Friday, March 4, 2011


Vancouver, under the eye of my camera over the past couple of weeks, appeared as a city of contrasts. Spring/Winter, light/dark, human-made structures/nature, common/rare, old/new. This post goes on and on. I'm not sure why I do that, but perhaps some small part of it will tweak your interest.

Saturday, February 12th

A robin by False Creek seemed to herald Spring.

A cormorant perched on a downtown sculpture.

A crane/cross stood strong under a dramatic sky.

In the evening, we attended a concert entitled Love Songs at SFU Woodward's Theatre. Shannon Mercer, soprano, sang "I love you" in 100 languages. There were no top-ten or even top-one-hundred tunes, but the blend of ancient words, contemporary music and body movement expanded the familiar dimensions of "love" as represented in the commercial world. There was only one performer, but listening to the after-show talk, we began to understand the scope of talent and energy that went into the production. The set consisted of a chair, draped with a coat - not a heart or cupid in sight.

When we emerged from the theatre, I snapped photos of light and dark, unaware of the Illuminate Yaletown festival.

The walls on both sides of this otherwise dingy lane told a story that remained a mystery to me, but I thought about the painters and their inspiration. I've never once come across artists at work on a mural like this. I wonder if there is an unwritten law that they paint only after midnight.

As we neared my apartment, the lights and people around engine 374 at the Roundhouse verified my hunch that something unusual was afoot, and finally, I read the poster explaining Vancouver's attempt to relive the spirit of the olympics.

The moon seemed determined to get into the light-show mood as well.

Sunday, February 13

I walked with Black Jack along the sea wall. A lady was taking photos and we struck up a most enjoyable conversation. We both smiled at this Canada Goose, sitting on the edge of an apartment building. It had a very important story to tell.

Canada Geese have become so common, we hardly think of them as wildlife in Vancouver. Like the seagulls, their voices are expressive and insistent. Perhaps, they describe what they have seen in their travels, or call out a greeting to family and friends, or proclaim their food-hunting success or failure. Or, perhaps, they announce arrivals and departures like the intercom voices at airports.

I watched four geese fly towards the aquabus, and veer to the right at the last minute. I wonder if they have come to know the pilots and trust some more than others.

I caught this cormorant in flight, exchanged contact information with the lady, and continued on my way. If you click to enlarge this photo, you can see the cormorant's beautiful blue eye.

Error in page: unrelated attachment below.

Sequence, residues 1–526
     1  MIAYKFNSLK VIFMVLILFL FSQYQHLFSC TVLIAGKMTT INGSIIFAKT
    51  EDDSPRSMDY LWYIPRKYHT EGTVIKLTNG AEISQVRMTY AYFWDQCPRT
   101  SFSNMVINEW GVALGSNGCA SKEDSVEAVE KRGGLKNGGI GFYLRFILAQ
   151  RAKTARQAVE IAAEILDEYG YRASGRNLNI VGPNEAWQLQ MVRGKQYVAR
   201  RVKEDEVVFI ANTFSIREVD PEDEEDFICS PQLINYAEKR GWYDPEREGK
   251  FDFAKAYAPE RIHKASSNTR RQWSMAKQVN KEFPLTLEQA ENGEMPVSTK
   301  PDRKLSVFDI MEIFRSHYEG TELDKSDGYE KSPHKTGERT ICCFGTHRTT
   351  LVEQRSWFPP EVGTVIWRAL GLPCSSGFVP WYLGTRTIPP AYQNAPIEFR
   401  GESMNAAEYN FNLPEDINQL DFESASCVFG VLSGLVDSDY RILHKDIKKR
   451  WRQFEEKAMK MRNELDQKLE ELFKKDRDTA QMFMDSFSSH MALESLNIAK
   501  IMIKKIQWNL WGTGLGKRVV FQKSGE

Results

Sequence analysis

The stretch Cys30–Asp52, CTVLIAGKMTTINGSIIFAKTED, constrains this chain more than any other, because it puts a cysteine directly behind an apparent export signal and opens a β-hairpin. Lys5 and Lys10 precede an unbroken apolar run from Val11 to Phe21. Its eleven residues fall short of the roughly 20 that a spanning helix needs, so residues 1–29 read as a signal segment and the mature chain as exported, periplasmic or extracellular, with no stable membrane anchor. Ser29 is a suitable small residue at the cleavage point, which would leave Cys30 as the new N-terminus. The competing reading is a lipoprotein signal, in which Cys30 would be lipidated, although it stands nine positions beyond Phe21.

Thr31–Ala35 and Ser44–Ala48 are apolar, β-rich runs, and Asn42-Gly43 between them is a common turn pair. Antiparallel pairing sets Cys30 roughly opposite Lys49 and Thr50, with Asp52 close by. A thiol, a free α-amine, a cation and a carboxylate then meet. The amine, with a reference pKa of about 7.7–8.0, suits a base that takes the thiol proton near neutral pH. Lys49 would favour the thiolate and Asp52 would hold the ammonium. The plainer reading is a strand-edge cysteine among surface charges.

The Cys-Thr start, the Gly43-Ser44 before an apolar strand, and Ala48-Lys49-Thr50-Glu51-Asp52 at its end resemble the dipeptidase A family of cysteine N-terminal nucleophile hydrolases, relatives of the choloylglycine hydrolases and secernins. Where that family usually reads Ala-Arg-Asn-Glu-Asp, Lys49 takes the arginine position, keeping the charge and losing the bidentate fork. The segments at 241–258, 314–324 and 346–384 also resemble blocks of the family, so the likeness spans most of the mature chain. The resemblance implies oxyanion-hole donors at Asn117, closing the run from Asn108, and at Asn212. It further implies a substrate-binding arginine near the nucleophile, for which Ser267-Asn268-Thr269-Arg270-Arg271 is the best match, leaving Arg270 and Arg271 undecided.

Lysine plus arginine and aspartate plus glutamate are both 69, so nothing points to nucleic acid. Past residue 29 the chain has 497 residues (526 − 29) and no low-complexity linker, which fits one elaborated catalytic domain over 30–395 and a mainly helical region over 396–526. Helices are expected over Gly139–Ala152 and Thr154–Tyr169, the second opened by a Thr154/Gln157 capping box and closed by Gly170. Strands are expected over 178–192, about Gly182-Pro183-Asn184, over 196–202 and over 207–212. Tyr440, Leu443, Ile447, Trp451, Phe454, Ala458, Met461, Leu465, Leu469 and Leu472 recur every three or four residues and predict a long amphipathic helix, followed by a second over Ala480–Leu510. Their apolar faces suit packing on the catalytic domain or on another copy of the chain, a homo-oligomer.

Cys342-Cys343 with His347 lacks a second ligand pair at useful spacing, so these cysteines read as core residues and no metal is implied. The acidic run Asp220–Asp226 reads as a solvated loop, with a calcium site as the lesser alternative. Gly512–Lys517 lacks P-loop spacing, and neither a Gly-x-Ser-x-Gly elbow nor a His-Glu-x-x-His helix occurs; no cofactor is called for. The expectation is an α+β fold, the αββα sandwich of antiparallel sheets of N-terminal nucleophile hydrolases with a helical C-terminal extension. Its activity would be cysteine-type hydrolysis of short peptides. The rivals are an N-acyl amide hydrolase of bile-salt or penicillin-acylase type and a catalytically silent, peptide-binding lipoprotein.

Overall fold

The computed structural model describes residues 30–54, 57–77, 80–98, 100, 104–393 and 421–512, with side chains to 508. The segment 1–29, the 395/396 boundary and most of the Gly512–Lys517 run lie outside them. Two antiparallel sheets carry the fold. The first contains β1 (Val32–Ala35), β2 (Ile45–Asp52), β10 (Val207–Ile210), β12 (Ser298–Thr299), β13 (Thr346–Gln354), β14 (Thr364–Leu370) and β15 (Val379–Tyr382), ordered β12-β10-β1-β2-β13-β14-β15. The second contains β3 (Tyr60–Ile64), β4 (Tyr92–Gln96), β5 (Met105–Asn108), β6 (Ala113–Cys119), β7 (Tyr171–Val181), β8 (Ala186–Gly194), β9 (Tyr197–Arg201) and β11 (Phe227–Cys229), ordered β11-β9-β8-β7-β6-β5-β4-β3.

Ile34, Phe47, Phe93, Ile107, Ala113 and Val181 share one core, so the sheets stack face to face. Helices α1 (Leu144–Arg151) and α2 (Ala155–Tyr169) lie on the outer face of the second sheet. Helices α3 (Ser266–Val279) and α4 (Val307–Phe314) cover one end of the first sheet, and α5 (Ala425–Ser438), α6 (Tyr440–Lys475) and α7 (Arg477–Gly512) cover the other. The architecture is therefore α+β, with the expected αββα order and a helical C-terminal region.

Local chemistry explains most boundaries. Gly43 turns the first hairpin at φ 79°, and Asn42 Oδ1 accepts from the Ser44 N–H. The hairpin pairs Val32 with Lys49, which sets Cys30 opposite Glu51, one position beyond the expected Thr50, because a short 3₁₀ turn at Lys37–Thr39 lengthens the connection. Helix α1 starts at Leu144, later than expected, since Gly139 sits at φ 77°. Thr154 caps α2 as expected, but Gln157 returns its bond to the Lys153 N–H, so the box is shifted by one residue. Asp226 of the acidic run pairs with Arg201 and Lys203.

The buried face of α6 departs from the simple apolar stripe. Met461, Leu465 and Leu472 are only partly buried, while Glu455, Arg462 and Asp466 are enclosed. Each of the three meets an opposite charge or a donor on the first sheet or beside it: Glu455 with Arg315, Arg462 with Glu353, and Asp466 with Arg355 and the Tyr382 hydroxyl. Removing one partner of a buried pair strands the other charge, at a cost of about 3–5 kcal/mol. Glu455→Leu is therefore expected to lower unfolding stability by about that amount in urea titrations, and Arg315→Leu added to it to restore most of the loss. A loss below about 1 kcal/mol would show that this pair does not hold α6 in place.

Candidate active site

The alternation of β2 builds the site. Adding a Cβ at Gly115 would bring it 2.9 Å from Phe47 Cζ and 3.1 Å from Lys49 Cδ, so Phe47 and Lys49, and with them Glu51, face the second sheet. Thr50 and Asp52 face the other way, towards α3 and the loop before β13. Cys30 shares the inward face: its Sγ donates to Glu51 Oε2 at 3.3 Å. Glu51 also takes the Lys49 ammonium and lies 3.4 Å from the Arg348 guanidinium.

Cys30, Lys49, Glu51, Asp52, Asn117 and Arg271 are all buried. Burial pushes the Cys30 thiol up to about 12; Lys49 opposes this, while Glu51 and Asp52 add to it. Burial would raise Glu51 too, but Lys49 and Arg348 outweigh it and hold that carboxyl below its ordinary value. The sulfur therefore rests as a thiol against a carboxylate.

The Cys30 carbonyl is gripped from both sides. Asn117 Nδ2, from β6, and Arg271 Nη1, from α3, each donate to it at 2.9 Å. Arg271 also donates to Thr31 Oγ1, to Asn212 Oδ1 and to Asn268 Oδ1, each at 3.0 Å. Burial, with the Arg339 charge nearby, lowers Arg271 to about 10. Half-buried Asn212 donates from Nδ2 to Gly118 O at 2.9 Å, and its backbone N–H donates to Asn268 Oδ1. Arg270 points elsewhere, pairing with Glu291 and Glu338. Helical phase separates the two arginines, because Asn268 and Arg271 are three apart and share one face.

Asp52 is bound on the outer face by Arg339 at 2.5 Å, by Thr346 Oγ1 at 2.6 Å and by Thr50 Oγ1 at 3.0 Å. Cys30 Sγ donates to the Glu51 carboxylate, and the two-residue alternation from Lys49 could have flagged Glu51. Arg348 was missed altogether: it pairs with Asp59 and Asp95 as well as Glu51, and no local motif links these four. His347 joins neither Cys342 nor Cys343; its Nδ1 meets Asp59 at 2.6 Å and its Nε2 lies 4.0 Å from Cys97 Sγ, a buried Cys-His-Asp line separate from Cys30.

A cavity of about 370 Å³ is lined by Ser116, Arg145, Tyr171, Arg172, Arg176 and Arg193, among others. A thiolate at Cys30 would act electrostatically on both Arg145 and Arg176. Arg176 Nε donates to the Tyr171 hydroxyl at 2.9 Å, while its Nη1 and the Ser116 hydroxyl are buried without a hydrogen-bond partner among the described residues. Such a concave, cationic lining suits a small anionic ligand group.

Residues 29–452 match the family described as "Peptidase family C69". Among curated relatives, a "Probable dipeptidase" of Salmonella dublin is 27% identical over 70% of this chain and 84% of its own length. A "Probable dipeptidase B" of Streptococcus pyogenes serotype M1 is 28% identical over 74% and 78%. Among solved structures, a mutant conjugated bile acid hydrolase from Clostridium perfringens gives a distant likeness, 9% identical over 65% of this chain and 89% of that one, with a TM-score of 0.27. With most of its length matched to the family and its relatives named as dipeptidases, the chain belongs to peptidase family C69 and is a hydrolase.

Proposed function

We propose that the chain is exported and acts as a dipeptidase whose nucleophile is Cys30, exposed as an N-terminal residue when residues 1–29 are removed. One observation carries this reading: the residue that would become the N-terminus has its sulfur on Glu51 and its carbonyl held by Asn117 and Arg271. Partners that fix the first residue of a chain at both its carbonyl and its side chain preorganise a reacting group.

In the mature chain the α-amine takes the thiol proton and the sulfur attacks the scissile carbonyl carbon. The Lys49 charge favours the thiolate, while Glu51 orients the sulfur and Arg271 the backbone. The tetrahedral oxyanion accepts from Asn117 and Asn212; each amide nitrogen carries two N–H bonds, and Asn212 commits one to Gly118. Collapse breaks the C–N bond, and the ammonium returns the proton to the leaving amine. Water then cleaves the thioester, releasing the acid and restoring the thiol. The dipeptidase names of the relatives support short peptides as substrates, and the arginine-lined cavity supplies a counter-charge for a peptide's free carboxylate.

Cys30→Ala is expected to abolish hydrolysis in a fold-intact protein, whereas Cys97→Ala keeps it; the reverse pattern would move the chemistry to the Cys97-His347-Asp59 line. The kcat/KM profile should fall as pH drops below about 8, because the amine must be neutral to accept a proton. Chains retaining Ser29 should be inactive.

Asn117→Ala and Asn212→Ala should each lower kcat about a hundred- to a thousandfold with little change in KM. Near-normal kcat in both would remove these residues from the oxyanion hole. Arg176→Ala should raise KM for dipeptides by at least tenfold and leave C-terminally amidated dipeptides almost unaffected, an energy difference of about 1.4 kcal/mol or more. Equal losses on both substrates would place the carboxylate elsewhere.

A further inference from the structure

In the grass near English Bay, some starlings gathered for lunch. They are common birds of rare beauty.

As I walked, runners doing a half-marathon came by, some in the usual running gear, but others decked out to show their support for Variety, the children's charity. I overheard one young man tell a running partner that he had had Cancer. I have thought of this healthy-looking man often over the past few weeks, and reminded myself that a quick glimpse rarely tells the full story.

Another common bird, well adapted to city living, posed for a moment.

In Stanley Park, a Blue Heron hunted in the grass, but wasn't above mooching from passers-by. This seems to be a new behaviour, possibly learned from pigeons, ducks, squirrels and racoons. I overheard Dallas, a volunteer who has worked very hard for quite a number of years to monitor the activity of the Stanley Park heronry, talking with people on a bird-watching tour. She was sad to see "her" herons looking for hand-outs.

Another heron sat by the lagoon, just across from the first heron. It looked at my camera calmly. It is just about time for the herons to set up housekeeping for the 2011 season. I checked today, but there was no sign of nesting activity. There seems to be a tradition of moving to a new location every six or seven years, and that time is about up, so it is not a given that they will arrive this year.

Calm? Grouchy? Concentrating? Daydreaming? Your thoughts?

Near the lagoon, two small birds, very high in the tree, busily flitted from branch to branch. They were my first yellow bird sighting this season. They were so high up, and the pictures so poor, I cannot identify them with any certainty, but they seem too small to be finches. Could they be kinglets?

I am always fascinated by athleticism.

Chick-a-dees and..

towhees were busy as well.

We turned back, to retrace our steps home. These geese sat on someone's balcony, their necks swinging in unison from left..

to right.

That pinkish building stands out for both its colour and its shape. I realized the other day, while sitting in the dentist chair of Dr. Kleinman's office at the corner of West Broadway and Willow, that I could pick out that building across False Creek. With my big lens, I could probably take a picture of my apartment building from the chair. Must try that next time.

Later in the afternoon, Bill and I cycled over to the Firehall Arts Centre. Before we left, a Song Sparrow..

and a House Finch seemed to appreciate the sun that was growing brighter by the minute.